I found Top Gun: Maverick to be an enjoyable movie. But while it’s certainly possible to read hidden depths into its script, it is fairly clear that any such depths are unintentional. As director Joseph Kosinski explained in an interview with Esquire, he saw the film as a character study meant to entertain broad audiences:

The first movie, is a boy becoming a man and I think this story is a man becoming a father. And that's what a Top Gun movie is. It's a rite of passage story that's character-driven but wrapped in this big action movie exterior.

Hopefully that entertains everybody. Regardless of whether or not you're into planes.

In fact, that does entertain everybody — or at least, enough people to break the Memorial Day box office record. The right seems driven to shoehorn its weird political concerns into the film, but the film’s success doesn’t require more complications than that.

Reprinted with permission from Media Matters.

British Horror Star Christopher Lee Dies At 93

By dpa, (TNS)

LONDON — Christopher Lee, one of the world’s best-known horror actors, has died aged 93 after a career that spanned seven decades and nearly 300 films.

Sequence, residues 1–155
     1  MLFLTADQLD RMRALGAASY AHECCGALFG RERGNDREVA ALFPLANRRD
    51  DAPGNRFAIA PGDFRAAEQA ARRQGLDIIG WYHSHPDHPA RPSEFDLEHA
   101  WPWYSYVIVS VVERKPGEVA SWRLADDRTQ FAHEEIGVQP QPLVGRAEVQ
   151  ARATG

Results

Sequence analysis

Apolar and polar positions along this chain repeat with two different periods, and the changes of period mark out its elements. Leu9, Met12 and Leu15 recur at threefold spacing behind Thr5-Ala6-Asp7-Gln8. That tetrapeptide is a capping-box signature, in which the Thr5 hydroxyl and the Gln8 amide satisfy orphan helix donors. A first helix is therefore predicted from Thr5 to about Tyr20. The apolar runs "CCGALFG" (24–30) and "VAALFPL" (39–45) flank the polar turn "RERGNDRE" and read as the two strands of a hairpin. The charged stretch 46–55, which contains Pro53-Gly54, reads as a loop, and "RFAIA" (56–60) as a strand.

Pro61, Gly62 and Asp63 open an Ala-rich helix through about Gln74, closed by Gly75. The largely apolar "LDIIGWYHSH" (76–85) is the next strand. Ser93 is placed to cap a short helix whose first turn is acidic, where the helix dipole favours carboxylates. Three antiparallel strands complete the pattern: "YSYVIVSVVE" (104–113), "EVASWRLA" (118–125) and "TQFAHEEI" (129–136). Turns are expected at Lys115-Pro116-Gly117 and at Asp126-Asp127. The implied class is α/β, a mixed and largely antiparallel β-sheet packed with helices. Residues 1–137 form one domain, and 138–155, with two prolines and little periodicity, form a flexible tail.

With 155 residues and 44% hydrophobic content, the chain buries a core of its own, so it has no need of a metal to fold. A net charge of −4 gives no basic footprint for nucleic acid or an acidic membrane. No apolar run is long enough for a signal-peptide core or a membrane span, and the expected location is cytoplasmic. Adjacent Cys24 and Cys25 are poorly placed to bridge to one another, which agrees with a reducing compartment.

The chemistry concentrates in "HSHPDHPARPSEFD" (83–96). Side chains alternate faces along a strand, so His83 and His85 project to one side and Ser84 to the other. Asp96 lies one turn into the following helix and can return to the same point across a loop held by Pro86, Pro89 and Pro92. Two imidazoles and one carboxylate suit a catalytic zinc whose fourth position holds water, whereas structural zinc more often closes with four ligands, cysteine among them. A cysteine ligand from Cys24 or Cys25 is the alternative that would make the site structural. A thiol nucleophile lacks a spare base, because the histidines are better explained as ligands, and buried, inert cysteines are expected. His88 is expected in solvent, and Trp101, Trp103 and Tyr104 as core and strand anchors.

In his early career in the 1950s and 1960s, Lee was best-known for playing Dracula, Frankenstein’s monster and similar roles in Britain’s televised Hammer House of Horror series.

His success brought Hollywood roles as James Bond villain Scaramanga, Saruman in Lord of the Rings and Count Dooku in two Star Wars films.

Bond actor Roger Moore was among those who paid tribute to Lee on Thursday.

“It’s terribly (sad) when you lose an old friend, and Christopher Lee was one of my oldest. We first met in 1948,” Moore said on Twitter.

“Our thoughts are for Lady Lee, Christina and Juan,” Moore said.

Born to a British army officer father and a mother who was an Italian aristocrat, Lee is one of the world’s most prolific film actors.